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How Europe can restore financial stability

With last week’s tumult in Italian markets, the European financial crisis has entered a new and far more dangerous phase, threatening both European monetary integration and the global recovery. Last week’s drama surrounding bond auctions in Europe’s third-leading economy should convince even the most hardened bureaucrat that the world can no longer let policy responses be shaped by dogma, bureaucratic agenda and expediency. It is to be hoped that European officials can engineer a decisive change in direction, but if not the world can no longer afford the deference that the International Monetary Fund and non-European Group of 20 officials have shown European policymakers the past 15 months.

Three realities must be recognized if there is to be a chance of success.

First, systemic confidence is essential in a financial crisis. Teaching investors a lesson is a wish, not a policy. U.S. policymakers were applauded for about 12 hours for their willingness to let Lehman Brothers go bankrupt. The shattering consequences that had on confidence are still being felt. The European Central Bank is right that punishing creditors for the sake of teaching lessons or building political support is reckless in a system that depends on confidence. Those who let Lehman go believed that because time had passed since the Bear Stearns bailout the market had learned and so was prepared. In fact, the main lessons learned had to do with how to best find the exits, and uncontrolled bankruptcies had systemic consequences that far exceeded their expectations.

Second, no country can be expected to generate huge primary surpluses for long periods for the benefit of foreign creditors. Meeting debt burdens at rates the official sector — let alone the private sector — is charging for credit would involve burdens on Greece, Ireland and Portugal comparable to the reparations’ burdens that John Maynard Keynes warned about in “The Economic Consequences of the Peace.”

Third, whether or not a country is solvent depends not just on its debt burdens and its commitment to strong domestic policies but also on the broader economic context. Liquidity problems left unattended become confidence problems. Debtors who are credibly highly solvent at interest rates close to or below their nominal growth rates become insolvent at higher interest rates, putting further pressure on rates, exacerbating solvency worries in a vicious cycle. This has happened in Greece, Portugal and Ireland; it is in danger of happening in Italy and Spain.

In short, the approach of the official sector lending more and more to countries that cannot access the market at premium rates of interest is unsustainable. The debts incurred will largely never be repaid even as their size discourages private capital flows and any growth-creating initiative. Assertions that the most indebted countries can service their debts in full at current interest rates only undermine policymakers’ credibility when they assert that the fundamentals are relatively sound in Spain and Italy. Further lending at premium interest rates only increases the scale of the necessary restructuring. It is reasonable to argue that recognition of debt unsustainability in Greece has been excessively deferred. It is not reasonable to argue that Greek reprofiling or restructuring alone will address a growing general crisis in confidence.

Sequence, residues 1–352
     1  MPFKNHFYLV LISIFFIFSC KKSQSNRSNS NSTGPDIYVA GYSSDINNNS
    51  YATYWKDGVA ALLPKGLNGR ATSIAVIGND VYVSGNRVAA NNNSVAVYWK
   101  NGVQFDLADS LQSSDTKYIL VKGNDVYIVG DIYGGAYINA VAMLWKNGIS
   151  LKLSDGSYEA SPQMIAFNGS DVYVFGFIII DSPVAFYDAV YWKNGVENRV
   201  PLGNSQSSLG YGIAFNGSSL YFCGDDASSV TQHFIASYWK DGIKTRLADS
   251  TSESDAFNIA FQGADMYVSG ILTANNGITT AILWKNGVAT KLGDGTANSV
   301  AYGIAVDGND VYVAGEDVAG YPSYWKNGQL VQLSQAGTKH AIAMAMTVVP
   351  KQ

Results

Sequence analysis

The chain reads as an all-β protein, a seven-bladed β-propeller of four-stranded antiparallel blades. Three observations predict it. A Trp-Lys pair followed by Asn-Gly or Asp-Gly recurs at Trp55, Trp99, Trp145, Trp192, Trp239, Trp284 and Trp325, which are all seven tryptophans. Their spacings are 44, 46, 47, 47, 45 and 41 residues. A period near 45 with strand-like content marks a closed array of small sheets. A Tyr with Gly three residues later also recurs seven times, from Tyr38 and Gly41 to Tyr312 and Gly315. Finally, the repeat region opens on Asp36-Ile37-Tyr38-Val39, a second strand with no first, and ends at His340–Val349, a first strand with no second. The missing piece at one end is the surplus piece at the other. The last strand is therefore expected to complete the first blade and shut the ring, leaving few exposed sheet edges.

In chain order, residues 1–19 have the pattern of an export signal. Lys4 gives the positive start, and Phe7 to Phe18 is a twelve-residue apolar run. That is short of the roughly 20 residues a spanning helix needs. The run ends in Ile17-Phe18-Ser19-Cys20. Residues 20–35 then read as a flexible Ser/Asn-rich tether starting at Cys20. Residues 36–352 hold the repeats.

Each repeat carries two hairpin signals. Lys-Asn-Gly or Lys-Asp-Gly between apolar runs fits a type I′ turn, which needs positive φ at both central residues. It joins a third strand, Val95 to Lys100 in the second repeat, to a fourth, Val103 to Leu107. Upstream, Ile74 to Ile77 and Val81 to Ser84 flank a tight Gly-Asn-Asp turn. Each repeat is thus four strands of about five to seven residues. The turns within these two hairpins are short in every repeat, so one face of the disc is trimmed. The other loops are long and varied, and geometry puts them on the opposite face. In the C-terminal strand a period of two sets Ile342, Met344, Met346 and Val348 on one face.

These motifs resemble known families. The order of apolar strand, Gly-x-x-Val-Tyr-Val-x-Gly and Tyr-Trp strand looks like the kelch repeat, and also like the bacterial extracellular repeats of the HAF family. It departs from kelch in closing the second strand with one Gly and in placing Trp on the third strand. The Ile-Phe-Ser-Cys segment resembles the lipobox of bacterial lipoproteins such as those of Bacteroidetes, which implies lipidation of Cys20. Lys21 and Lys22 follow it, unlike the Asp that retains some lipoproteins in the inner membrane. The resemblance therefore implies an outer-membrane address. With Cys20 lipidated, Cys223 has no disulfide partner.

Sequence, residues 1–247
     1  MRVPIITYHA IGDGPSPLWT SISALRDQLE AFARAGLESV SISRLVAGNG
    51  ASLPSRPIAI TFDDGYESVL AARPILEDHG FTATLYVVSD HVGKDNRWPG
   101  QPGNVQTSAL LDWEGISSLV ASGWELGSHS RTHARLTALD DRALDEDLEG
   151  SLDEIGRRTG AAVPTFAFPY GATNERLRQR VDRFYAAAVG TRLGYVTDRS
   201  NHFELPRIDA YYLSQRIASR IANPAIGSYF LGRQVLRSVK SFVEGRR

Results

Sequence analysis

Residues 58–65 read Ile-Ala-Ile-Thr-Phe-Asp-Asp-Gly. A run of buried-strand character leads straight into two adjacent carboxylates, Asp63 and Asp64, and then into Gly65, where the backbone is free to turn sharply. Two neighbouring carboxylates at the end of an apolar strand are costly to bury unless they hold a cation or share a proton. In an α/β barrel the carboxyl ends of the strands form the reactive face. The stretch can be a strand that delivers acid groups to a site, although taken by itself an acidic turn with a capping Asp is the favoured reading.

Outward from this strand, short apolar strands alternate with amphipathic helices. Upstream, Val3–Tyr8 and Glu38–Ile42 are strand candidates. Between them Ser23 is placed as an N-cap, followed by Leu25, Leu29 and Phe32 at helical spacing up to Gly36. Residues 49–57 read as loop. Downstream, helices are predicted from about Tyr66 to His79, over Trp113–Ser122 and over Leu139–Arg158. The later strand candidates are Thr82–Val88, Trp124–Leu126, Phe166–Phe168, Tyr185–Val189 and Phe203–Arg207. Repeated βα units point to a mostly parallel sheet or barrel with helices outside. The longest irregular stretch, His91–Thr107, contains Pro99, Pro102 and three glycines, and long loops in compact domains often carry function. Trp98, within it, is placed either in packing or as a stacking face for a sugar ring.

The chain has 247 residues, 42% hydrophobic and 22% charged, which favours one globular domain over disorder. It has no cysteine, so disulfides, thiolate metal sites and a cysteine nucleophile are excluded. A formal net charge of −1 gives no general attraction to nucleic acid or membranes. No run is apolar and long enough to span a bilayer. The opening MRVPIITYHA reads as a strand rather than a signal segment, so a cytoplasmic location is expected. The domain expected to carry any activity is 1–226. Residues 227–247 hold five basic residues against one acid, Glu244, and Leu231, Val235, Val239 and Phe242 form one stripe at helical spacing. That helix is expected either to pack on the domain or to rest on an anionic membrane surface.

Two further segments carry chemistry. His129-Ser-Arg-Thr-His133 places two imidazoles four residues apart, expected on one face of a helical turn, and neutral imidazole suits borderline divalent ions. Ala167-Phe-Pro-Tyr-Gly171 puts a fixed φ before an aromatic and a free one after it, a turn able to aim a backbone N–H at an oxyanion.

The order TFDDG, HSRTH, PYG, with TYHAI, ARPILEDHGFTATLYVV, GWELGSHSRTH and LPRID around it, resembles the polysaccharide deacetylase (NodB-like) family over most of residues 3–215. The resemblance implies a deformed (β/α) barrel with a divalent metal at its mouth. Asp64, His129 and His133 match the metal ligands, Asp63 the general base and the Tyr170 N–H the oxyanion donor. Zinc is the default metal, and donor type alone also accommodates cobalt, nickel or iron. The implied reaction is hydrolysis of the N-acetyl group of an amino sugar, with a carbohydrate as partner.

A fundamental shift of tack is required toward an approach focused on avoiding systemic risk, restarting growth and restoring arithmetic credibility rather than simply staving off imminent disaster. Fortunately, the likely consequence of doing more upfront is lower cost in the long run. The precise details are less relevant than scope, but the crucial elements in any viable strategy include:

l European authorities must restate their commitment to solidarity as embodied in a common currency and the recognition that the failure of any European economy means the failure of the European economy and is unacceptable. The most serious financial breakdowns — in Indonesia in 1997, Russia in 1998 and the United States in 2008 — come when authorities allow doubt about the basic functioning of the financial system.

l Interest rates for program countries must be reduced; there is no reason to charge a risk premium, which needlessly threatens the success of the whole enterprise, when failure is unacceptable.

l Countries whose borrowing rate exceeds a certain threshold should be exempted from contribution requirements for bailout funds. The last thing the marginal need is to be pulled down by the weaker.

l Countries judged to be pursuing sound policies should be permitted to buy E.U. guarantees on new debt issuances at a reasonable price payable on a deferred basis.

These measures would reduce payments for debtor nations and assure confidence in the stability of European banks.

The question of what is to be done with sovereign private debt remains. Creditors gain nothing from breakdown and have signaled that they will support an approach based on a menu of options. The key standard on which any approach — short- or long-term — should be judged is the genuine sustainability of program country debt repayments on realistic assumptions. Much of this will seem unrealistic given the terms of Europe’s debate. But it seemed highly unrealistic even 10 days ago that Italy’s solvency would come into substantial doubt. The alternative to forthright action today is much more expensive action — to much less benefit — in the not too distant future.

The writer, a professor and past president at Harvard, was Treasury secretary in the Clinton administration and economic adviser to President Obama from 2009 through 2010.

 
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